Electric car chargers are critical for the United Kingdom’s transition to a greener economy, but the lack of planning is alarming.

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Electric car chargers are critical for the UK’s transition to a greener economy, but there is a lack of planning.

Millions of electric-car drivers will soon rely on chargepoint equipment, and there are growing concerns about how quickly it will be installed – and where it will go.

The electric-car revolution in the United Kingdom is gaining traction, but will the country be able to install enough chargers to power the new vehicles that millions of drivers are being urged to purchase?

Manufacturers, urban planners, and city officials have told me that the government’s poor leadership risks preventing many people from making the switch for years, particularly in poorer areas without off-street parking.

The need for a large number of chargers to be installed across the country is becoming increasingly urgent.

Nobody in the UK will be able to buy new cars powered solely by petrol or diesel in just over eight years, thanks to government plans to ban the sale of such vehicles by 2030.

By that time, 14 million electric vehicles – or 43% of all cars on the road today – could already be on our roads.

Within five years, the sale of new hybrids will be prohibited.

In the UK, there are currently around 25,000 public charging devices. However, more than that number will need to be installed every year for the next 14 years if we are to reach the 480,000 devices and two million power leads that are expected by 2035.

This is in addition to the 19 million home chargepoints that the energy regulator, Ofgem, estimates are required.

According to the research organization New AutoMotive, between 40 and 50 chargepoints will need to be installed every day between now and 2035 to meet demand.

Installing a charger at home is relatively cheap and simple for people with driveways or garages.

However, the Competition and Markets Authority (CMA) estimates that around a third of British households, or eight million people, will have to rely on the public network.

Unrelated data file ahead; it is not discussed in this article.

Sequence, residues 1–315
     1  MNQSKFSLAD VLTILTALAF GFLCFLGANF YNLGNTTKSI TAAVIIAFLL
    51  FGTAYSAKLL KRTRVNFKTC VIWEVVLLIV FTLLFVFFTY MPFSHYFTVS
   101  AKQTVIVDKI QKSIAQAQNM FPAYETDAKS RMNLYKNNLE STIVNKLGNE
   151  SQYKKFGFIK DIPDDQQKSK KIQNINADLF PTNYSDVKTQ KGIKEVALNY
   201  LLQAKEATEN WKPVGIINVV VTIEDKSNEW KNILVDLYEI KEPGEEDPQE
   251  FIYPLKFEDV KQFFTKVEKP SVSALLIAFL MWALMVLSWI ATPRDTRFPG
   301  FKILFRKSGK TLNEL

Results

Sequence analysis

Local governments have been left to figure out what kind of on-street charging points are needed and where they should be installed so far, with no explicit instructions.

Councils have complained that the government has failed to provide them with the guidance and leadership they require, and that this has the potential to create a new schism in British society.

A survey of 84 local governments was conducted.

UK news summary from Infosurhoy

Electric car chargers are critical for Britain’s transition to a greener economy, but the lack of planning is concerning.

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Electric car chargers are crucial to Britain going green but the lack of planning is worrying

‘The lack of public chargers is going to become a big problem’

Of all the places to sell an electric car, Swindon sounds like one of the hardest. The Wiltshire town is ranked as the third worst place in the UK for public chargers by comparethemarket.com, with 45 public devices for 17,457 electric vehicles, a ratio of 0.26 to 100.

This will put off buyers who only have kerbside parking at home, says Dominic Threlfall, managing director of Pebley Beach, the first car sales company in Swindon to receive Electric Vehicle Approved accreditation.

Dominic Threlfall, managing director of Pebley Beach (Photo: Dominic Threlfall)
Dominic Threlfall, managing director of Pebley Beach (Photo: Dominic Threlfall)